Intel Security has published a study that aims to shed light on the business deals, negotiations and pricing involved in the hidden underworld of the cybercrime economy.
The Hidden Data Economy report (PDF), follows years of close work with law enforcement and ongoing monitoring of online platforms, communities and marketplaces where stolen data is hidden and sold.
The report contains details of what is available on the cyber black market, including PayPal accounts, credit/debit card data and more. Bank log-in details prices vary from $190 (£120) for an account worth $2,200 (£1,500) to $1,200 (£800) for one worth $31,000 (£20,000).
Average estimated price for stolen credit and debit cards ran at between $5 and $30 in the United States; $20 and $35 in the United Kingdom; $20 and $40 in Canada; $21 and $40 in Australia; and $25 and $45 in the European Union.
Prices rise when the offering includes additional information that allows criminals to attempt a more complete range of scams. This additional information can include data such as the bank account ID number, the victim’s date of birth, and information categorised as “Fullzinfo”, including the victim’s billing address, PIN number, social security number, date of birth, the mother’s maiden name, and even the username and password used to access, manage, and alter the cardholder’s account online.
Entire personal identities, including healthcare records, are traded online.
The report also assesses dark market prices for account login credentials to online content services such as online video streaming ($0.55 to $1), premium cable channel streaming services ($7.50), premium comic book services ($0.55), and professional sports streaming ($15). “These relatively low price points suggest that cybercriminals have ramped up automated theft operations to make their cybercrime business models profitable,” Intel Security notes.
Corporate users also at risk
Enterprises are also at risk, with hackers selling the ability to access large corporations, including banks and airlines, and critical infrastructure systems, such as hydroelectric plants.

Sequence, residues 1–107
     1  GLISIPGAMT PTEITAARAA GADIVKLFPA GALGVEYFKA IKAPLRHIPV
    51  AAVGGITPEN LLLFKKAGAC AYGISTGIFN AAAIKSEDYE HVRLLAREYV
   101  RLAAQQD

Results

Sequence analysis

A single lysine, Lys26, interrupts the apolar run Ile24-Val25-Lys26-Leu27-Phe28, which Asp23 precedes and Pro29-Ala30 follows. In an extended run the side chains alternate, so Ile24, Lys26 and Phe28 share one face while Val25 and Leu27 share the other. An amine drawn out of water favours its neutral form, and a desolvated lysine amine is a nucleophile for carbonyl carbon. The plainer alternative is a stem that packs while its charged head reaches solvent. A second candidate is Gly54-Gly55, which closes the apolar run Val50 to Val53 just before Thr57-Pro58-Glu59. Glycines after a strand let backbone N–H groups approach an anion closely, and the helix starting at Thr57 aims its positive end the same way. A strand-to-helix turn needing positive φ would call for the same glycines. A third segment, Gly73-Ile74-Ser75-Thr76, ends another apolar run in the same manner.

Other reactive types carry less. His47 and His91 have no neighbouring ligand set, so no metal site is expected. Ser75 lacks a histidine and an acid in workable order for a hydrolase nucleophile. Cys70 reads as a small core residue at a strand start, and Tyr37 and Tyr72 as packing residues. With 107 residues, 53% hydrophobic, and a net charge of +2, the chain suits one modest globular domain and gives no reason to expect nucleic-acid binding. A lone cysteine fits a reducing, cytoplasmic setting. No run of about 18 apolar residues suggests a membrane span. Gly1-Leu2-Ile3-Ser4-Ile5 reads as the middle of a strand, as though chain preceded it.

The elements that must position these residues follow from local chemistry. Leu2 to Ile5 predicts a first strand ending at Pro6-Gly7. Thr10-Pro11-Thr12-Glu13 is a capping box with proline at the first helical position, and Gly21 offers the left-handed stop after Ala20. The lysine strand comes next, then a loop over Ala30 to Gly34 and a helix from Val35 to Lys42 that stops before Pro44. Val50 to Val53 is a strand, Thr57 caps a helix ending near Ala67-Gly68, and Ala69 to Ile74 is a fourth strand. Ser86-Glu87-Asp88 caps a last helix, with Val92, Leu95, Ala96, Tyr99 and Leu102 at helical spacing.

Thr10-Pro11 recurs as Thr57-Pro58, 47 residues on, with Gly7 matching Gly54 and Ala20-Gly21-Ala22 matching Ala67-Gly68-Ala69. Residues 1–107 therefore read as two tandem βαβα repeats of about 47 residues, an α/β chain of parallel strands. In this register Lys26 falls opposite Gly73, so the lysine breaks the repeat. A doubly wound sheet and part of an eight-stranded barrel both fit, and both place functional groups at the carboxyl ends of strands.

Underground trading forums operate on reputation and promise to return payment for “faulty goods” like legitimate marketplaces. For example, illegal sellers list adverts in the same way as any legitimate seller would, offering guarantees on stolen credit cards.
Ironically, forums name and shame "bad sellers" who have sold stolen cards that don’t offer up what was promised, Intel Security reports.
“Like any unregulated, efficient economy, the cybercrime ecosystem has quickly evolved to deliver many tools and services to anyone aspiring to criminal behaviour,” said Raj Samani, CTO for Intel Security EMEA. “This ‘cybercrime-as-a-service’ marketplace has been a primary driver for the explosion in the size, frequency, and severity of cyber attacks. The same can be said for the proliferation of business models established to sell stolen data and make cybercrime pay.”
Intel Security Group’s McAfee Labs organisation examined pricing for stolen credit and debit card data, bank account login credentials, stealth bank transfer services, online payment service login credentials, premium content service login credentials, enterprise network login credentials, hospitality loyalty account login credentials and online auction account login credentials. ®